Job losses shrink but not in construction; stimulus news is mixed; factory orders rise
Nonfarm payroll employment fell in July by 247,000, seasonally adjusted, about half the monthly rate over the 12 months since July 2008, when jobs losses totaled 5,740,000, the Bureau of Labor Statistics reported on Friday [Aug. 7]. In contrast, construction employment fell by 76,000, only slightly less than the 12-month average loss of 88,000 per month.
Construction accounted for 30 percent of the losses in June and 18 percent of the losses in the 12-month span, although the industry’s 6,148,000 jobs in June 2009 accounted for less than 5 percent of the nonfarm total. The rate of job loss in residential construction (residential building and specialty trade contractors) slowed slightly (to 1.1 percent in July, vs. 16.4 percent over 12 months) but nonresidential (building, specialty trades and heavy and civil engineering) construction losses accelerated (1.3 percent in July, 13.5 percent over 12 months). In a bad sign for future demand for construction, employment in architectural and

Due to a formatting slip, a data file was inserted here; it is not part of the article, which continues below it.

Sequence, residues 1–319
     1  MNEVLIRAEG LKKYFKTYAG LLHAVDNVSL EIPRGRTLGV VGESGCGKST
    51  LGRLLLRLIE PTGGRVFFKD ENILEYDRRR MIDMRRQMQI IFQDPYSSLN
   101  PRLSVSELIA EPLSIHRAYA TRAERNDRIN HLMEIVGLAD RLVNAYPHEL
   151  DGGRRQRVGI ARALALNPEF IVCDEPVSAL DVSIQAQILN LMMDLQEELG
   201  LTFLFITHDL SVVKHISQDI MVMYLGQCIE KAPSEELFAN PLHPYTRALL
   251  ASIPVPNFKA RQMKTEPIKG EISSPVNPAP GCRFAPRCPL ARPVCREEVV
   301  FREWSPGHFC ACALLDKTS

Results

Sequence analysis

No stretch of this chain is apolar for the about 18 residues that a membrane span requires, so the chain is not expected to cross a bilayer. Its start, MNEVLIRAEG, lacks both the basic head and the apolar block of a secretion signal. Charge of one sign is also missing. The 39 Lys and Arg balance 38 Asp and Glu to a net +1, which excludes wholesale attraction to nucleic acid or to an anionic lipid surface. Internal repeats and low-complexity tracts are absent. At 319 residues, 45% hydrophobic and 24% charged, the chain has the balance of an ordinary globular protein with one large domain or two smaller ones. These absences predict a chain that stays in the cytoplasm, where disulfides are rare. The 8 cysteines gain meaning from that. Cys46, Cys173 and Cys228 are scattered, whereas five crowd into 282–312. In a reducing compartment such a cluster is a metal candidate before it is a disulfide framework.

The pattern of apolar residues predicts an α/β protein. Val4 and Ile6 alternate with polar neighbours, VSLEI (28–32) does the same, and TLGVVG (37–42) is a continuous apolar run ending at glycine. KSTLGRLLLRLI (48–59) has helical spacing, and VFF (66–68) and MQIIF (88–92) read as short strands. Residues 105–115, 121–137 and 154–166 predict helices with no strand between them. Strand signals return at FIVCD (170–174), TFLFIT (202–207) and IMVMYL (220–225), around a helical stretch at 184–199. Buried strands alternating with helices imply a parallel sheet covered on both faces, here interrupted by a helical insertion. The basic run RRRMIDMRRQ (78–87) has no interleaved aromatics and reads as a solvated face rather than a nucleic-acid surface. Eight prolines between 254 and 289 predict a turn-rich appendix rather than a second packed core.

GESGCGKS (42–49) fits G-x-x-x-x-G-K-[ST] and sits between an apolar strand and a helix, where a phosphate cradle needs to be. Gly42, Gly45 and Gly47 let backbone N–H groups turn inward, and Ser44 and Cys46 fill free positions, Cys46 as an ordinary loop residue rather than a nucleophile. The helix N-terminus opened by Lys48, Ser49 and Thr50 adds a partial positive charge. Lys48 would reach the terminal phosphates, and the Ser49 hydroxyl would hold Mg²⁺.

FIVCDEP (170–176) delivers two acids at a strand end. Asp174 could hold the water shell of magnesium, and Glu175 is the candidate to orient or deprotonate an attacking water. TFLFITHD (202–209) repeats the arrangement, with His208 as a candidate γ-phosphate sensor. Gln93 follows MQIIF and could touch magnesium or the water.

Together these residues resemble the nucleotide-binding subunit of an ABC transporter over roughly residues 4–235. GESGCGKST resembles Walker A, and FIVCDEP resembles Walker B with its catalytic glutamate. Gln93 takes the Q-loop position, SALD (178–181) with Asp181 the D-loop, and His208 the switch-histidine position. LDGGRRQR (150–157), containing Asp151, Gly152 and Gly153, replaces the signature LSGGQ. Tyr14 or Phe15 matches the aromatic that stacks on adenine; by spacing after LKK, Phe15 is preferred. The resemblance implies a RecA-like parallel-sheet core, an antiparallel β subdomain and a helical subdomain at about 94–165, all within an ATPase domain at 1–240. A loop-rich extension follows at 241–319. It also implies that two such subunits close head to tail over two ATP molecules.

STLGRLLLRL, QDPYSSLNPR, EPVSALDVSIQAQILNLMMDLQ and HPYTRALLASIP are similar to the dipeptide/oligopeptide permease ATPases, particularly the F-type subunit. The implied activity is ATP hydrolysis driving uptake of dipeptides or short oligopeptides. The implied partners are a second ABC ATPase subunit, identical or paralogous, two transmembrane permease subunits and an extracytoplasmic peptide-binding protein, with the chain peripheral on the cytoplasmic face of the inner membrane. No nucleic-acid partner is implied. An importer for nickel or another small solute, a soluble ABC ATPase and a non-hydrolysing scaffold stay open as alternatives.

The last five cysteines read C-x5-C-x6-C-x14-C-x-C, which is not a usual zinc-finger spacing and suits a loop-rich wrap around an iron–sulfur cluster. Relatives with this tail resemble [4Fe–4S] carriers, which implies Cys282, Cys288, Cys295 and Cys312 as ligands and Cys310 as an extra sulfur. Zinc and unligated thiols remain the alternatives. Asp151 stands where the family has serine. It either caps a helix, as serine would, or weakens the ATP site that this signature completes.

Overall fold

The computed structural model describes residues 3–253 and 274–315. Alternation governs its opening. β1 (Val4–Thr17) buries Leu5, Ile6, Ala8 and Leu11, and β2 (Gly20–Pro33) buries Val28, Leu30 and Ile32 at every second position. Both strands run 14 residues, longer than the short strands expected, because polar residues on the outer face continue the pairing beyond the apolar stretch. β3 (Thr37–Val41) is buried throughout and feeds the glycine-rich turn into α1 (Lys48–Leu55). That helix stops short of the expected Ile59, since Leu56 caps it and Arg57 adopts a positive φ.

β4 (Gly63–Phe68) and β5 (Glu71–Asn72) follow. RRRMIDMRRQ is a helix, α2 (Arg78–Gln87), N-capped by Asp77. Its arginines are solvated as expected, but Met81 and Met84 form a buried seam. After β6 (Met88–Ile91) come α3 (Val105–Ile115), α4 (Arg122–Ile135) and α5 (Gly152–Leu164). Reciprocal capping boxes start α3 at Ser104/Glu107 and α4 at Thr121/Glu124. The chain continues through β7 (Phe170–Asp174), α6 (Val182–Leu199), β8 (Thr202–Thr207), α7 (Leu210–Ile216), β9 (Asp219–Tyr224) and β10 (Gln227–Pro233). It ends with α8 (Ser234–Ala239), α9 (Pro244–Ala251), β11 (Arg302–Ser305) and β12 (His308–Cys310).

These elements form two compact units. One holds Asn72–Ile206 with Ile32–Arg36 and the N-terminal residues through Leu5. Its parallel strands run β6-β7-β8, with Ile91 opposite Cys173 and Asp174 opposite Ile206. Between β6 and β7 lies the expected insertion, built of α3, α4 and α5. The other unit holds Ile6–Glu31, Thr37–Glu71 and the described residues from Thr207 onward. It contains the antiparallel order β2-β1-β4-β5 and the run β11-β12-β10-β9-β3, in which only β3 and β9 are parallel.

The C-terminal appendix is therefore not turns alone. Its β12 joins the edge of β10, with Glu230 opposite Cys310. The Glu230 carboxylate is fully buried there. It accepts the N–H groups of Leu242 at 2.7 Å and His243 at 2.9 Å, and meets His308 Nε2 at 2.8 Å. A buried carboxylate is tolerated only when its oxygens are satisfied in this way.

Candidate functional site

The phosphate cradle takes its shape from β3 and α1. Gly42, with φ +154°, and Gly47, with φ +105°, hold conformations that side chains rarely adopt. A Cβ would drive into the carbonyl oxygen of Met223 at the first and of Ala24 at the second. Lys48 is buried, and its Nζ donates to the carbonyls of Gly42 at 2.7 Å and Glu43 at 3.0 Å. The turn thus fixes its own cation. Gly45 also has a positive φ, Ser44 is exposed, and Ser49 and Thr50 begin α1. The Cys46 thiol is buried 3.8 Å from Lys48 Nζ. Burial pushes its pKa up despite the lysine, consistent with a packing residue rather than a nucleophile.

engineering services slumped 1.0 percent for the month and 8.7 percent over 12 months. The unemployment rate overall was 9.7 percent, not seasonally adjusted (9.4 percent, seasonally adjusted), and 18.2 percent for construction, the highest of any industry. (Industry rates are not reported on a seasonally adjusted basis.) Average hourly earnings in construction rose 4 cents for the month to $22.68, up 3.8 percent from a year earlier, compared to a 2.5 percent annual increase for all private production or nonsupervisory workers, according to a report in the Aug. 5-11 Data DIGest.